Snowy Valleys Council mayor James Hayes describes the last weeks as some of the most traumatic weeks of his life, as towns, properties and infrastructure in his local government area were either razed by fire or faced a very similar fate.
South and north, not one but two towering infernos led to the evacuation of thousands of residents and visitors while inbound legions of firefighters – most of them volunteers – formed the first line of defence alongside emergency services, with defence force personnel soon swelling the ranks.
But in stark contrast to the maelstrom that heralded the start to 2020, was the positive spirit that prevailed in each of the shire’s small communities.
The mayor last week toured fire-affected communities and was struck by the enormity of the losses in a shire well known – indeed reliant – on its forests, fresh fruit, wines, ski resorts and livestock farming industries. By Friday council confirmed 151 homes and 442 outbuildings had been listed as destroyed so far, with 33 other homes damaged.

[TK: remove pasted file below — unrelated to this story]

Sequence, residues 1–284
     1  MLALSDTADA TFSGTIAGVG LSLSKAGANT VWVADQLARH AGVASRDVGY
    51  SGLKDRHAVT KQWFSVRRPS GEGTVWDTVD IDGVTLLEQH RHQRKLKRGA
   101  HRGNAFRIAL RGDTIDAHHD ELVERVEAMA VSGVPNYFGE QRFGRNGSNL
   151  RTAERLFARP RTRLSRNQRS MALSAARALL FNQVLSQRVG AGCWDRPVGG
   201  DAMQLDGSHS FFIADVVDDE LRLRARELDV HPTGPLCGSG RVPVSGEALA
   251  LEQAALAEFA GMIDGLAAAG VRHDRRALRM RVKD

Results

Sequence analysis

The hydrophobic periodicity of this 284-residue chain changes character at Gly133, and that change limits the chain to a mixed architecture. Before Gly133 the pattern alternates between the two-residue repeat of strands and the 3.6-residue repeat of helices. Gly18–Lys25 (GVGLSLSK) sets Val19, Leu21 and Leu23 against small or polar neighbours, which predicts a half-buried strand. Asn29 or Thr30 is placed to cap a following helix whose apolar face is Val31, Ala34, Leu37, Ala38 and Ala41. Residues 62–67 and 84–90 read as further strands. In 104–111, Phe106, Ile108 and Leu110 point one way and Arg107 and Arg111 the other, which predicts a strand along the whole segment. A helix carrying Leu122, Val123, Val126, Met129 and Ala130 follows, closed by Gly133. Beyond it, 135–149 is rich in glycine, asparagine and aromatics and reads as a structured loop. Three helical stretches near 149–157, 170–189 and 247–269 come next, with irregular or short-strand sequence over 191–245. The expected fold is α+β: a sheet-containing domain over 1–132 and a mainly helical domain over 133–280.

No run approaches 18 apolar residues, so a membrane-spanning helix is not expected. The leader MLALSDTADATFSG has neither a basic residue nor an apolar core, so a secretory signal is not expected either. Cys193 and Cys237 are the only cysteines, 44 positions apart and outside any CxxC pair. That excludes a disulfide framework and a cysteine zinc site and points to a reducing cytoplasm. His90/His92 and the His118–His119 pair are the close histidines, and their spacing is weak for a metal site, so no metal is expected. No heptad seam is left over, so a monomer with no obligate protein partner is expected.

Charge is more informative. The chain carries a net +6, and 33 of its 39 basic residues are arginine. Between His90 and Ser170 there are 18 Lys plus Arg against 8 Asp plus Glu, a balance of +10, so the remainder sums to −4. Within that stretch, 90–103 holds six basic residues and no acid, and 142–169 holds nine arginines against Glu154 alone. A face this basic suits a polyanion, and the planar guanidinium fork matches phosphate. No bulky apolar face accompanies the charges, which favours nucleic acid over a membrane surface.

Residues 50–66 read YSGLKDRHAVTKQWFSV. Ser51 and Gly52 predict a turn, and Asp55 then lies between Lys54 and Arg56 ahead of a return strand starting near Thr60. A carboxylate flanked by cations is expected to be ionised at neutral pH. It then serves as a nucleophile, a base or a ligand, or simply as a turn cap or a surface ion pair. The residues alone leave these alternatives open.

Hardest hit has been the 147-year-old town of Batlow – knee-deep in Australian fruit-growing nostalgia – which lost 17 homes, the old Mountain Maid cannery, the former Batlow District Hospital (once a former Women’s Land Army Hostel) and the only service station for the population of 1300.
Amid stock and infrastructure losses, blueberry farmers forced by fire to abandon crops mid-harvest have returned to losses due to lack of water and bird infestation. Some, like the Costa Group’s Tumbarumba operation, lost several vehicles and a packing shed.
Around 25 per cent of apple orchardists were also affected by fire, the mayor said. This is set to impact fresh apple supplies as well as the region’s burgeoning cider industry. Montague Fresh – one of Australia’s largest apple growers – sustained damage to 5000 of their 75-acre orchard of 200,000 apple trees outside Batlow.